Attending that banquet last night had probably not been the best of ideas, with the knowledge that I had to race today. But then, sometimes, fate will not be denied its fair share. So when I bumped into Oliver, while strolling along Old Market Square, the deed had been as good as done. Oliver was a face that belonged to a passage in life that now felt like about a million years ago. A past I wanted to escape from at all cost; even that of leaving my homeland behind and crossing an ocean.
“There is this banquet at the Duke of Portland,” Oliver said. And added: “The entire old crowd will be there, old chap. Do come!”
And so I went, without having pinpointed an exact why or how. And met all these faces from years ago. They all still sported the same grins. Just an additional wrinkle left or right betraying that some years had passed. There was still the same barman called Sean, as full of laughs and jokes as he had always been. The same large stairs lead up to the toilets, with steps of the same clear wood that also covered the floor.
She had been there. I failed to see a why or how for her presence. Unaccompanied. About 700 kilometres away from home and without a lawfully wedded husband. In a place that did not have the best of reputations when it comes to chastity. Was she hunting ghosts of the past? Making us a perfect match. As the only thing I had been up to lately, was running from the ghosts in my past. Without being very successful at it.
“She still looks mightily good,” Samuel, another face from nearly a million years ago, had whispered in my ear.
“We have to stop meeting like this,” she said.
“Yes,” I said and knew that there was a lie that would convince she nor me.
After the dinner, everyone indulged in the same old amical brawls about who was really best, The Kinks or The Who, or whether Ruinart was really that much better than Bollinger. And about good old J.W. who had betrayed us all; and ten million other things of high importance and vast influence. All the time obviously consuming brown rum with Coca-Cola in quantities that could but be excessive.
Was it wise to stumble out of a place like that at about a quarter to five in the morning, with her on my arm? Was it wise to submerge myself in every possible ghost of the past rather than scattering any possible memory of them, before getting some sleep? In a clean hotel room that still failed at masquerading its cheap feel. Where the bed creaked under the solemn weight of our yesteryear’s tale.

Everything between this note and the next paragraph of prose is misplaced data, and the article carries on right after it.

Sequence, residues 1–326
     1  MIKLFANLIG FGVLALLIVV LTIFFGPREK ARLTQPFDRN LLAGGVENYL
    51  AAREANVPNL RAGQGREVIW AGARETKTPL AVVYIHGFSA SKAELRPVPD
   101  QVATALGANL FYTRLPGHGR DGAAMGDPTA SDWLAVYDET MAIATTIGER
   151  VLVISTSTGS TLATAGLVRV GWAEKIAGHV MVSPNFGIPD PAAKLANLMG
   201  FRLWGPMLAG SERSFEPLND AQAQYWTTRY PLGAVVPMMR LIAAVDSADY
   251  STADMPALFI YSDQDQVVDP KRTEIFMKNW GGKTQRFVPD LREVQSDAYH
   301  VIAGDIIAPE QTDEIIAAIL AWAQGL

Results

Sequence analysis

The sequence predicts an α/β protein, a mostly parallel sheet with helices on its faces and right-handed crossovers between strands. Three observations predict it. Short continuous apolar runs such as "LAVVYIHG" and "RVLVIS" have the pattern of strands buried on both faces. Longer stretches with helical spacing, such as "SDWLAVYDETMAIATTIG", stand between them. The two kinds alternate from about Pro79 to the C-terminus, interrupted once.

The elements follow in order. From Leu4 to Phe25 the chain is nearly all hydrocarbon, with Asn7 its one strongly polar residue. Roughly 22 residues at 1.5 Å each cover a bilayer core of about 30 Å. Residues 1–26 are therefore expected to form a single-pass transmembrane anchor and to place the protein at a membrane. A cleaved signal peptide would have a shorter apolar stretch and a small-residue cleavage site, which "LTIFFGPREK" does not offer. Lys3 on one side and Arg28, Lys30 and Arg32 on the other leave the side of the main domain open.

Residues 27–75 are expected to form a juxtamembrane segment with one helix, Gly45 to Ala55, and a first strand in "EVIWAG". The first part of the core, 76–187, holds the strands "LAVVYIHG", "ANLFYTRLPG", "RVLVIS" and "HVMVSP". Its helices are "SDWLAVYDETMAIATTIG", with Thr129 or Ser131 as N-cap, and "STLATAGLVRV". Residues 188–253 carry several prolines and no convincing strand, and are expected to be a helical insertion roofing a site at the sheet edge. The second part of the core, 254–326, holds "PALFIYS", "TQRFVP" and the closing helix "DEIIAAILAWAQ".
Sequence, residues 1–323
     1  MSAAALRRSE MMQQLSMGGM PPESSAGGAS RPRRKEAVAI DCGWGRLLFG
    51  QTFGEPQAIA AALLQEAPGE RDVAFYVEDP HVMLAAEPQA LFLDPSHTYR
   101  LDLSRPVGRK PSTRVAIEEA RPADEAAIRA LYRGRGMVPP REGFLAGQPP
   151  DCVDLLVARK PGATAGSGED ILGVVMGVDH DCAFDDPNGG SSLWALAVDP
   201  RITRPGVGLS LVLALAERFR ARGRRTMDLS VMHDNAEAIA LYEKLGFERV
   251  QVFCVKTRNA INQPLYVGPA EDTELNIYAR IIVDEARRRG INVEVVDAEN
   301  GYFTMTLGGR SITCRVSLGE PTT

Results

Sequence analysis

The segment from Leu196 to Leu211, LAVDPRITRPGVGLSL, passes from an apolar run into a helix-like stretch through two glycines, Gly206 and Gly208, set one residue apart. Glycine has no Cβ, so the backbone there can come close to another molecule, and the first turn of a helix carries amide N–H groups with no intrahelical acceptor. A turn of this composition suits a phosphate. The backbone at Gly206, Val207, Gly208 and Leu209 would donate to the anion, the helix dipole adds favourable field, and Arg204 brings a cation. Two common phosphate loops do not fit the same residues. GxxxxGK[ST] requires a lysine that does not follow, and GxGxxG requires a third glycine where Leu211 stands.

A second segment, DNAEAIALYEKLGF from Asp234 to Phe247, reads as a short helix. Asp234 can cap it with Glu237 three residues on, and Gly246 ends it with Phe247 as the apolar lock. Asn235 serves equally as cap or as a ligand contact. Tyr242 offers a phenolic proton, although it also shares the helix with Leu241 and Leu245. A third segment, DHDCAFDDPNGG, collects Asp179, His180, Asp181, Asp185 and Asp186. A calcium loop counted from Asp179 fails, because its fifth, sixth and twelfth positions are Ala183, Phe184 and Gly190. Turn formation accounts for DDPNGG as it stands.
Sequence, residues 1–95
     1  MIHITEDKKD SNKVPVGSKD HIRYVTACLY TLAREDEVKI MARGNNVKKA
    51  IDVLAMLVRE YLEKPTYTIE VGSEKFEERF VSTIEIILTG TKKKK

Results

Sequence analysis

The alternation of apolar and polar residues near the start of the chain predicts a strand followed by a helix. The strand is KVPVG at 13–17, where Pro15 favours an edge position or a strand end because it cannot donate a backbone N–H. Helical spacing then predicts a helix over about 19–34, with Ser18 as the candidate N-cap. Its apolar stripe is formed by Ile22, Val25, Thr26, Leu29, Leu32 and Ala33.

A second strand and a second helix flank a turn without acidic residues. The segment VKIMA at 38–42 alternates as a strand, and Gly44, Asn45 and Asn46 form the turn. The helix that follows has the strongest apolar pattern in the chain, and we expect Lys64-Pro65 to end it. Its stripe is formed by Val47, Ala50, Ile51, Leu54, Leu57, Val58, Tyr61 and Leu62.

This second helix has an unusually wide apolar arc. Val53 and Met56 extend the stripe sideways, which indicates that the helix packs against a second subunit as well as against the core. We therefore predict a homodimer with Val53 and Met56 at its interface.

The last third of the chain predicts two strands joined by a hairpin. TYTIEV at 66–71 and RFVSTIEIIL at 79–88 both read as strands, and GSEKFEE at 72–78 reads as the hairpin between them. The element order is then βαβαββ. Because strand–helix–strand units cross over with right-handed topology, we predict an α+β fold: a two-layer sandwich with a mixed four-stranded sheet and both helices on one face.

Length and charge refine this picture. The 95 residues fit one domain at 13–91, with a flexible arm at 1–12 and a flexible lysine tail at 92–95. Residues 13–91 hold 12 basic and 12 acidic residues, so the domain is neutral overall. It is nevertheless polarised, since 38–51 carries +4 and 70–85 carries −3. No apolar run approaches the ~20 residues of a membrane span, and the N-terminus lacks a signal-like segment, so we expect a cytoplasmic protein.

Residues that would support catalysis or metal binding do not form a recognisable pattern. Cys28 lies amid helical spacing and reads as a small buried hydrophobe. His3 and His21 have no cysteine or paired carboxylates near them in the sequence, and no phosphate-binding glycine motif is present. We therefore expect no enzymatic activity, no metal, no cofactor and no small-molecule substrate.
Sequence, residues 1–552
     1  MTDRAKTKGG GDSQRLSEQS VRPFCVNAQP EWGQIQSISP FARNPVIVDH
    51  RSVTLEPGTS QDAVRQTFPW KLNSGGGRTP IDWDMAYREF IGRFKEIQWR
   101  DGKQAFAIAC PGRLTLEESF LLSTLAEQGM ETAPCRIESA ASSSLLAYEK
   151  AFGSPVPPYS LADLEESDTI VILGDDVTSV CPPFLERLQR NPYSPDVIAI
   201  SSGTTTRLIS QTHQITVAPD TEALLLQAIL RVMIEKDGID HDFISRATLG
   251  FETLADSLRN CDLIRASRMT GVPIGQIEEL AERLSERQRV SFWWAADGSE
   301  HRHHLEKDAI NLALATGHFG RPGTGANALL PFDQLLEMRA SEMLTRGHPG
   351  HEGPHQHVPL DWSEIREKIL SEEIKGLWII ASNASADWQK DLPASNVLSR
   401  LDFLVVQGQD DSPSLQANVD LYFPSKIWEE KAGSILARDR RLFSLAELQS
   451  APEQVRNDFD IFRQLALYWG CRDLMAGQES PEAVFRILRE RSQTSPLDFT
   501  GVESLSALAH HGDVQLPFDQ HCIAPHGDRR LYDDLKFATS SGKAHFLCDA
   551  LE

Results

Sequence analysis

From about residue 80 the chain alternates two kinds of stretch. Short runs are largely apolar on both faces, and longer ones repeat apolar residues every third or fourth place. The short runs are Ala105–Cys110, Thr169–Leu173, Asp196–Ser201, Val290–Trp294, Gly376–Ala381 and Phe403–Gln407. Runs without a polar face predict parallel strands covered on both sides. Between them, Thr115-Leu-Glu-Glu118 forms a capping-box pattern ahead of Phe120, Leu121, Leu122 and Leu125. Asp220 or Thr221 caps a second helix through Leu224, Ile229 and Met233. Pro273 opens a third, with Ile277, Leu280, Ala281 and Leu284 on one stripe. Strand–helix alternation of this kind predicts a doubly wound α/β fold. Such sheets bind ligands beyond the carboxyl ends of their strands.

“Chaque jour, quand j’embrasse petit Arnaud devant l’école, je te vois toi,” she moaned before falling asleep.
Somehow, I gathered enough strength to stumble out of bed by 10 o’clock, barely 4 hours of troubled sleep later. I kissed her softly on the forehead, anxious not to disturb the almost august beauty of her sleep. Effectively leaving her to settle the bill of the hotel. Knowing that she would be smart enough to somehow slip it into her savior spouse’s accounting records.
I could hardly remember the last time the day’s first coffee put a lump in my throat as big as the one this morning in Nottingham, but such was life. I had plenty of time left for the not even 20 miles to Donington Park. Driving the Suburban, my trusted shelter against the world and life that intermittently comes with it. Rolling along Remembrance Way…
I arrived at Donington Park. A track that has in truth, never been one of my favorites. And that is putting it mildly. I felt tired and weak, and like sleeping for the next three perturbed days in a row. Rolla, a mechanic who had learned some of his trade from Marcelo back in the day, immediately guessed the sleepless night and arranged for some additional hours of sleep on a sad bench in a dirty camper. But it would do… For the likes of me, anything does really.
Rolla wakes me up just in time and straps me into the mighty M1.
Twenty-third on a grid that attracts no media attention whatever, except for that small Indie television station called HSO TV. Buried in oblivion… ready to start a race with an ever increasing urge to sleep already getting the better of me. Maybe, I do not deserve any better.
Of all places, today’s race has to be at Donington Park, I mumble. I never liked this place. Chronically failed to develop any feel for its rhythm. As a kid, I had the wildest dreams about this place. Dreams fueled by heroic visions of Rosemeyer and Nuvolari manhandling their Silver Arrows around the track. But as often, reality had been a thorough disappointment.
First time I raced here was back in the days of the Crammond GP2-series. Wheatcroft had only just acquired the track back then and had not yet gotten around installing decent amenities, making for a very bleak track.
Then, the GPL 65-series visited the place, and again it was no success. The level of grip was so low that it felt like ballet on an ice rink rather than a race. The Wheatcrofts have luckily laid a new layer of asphalt since then and the track feels much better with it.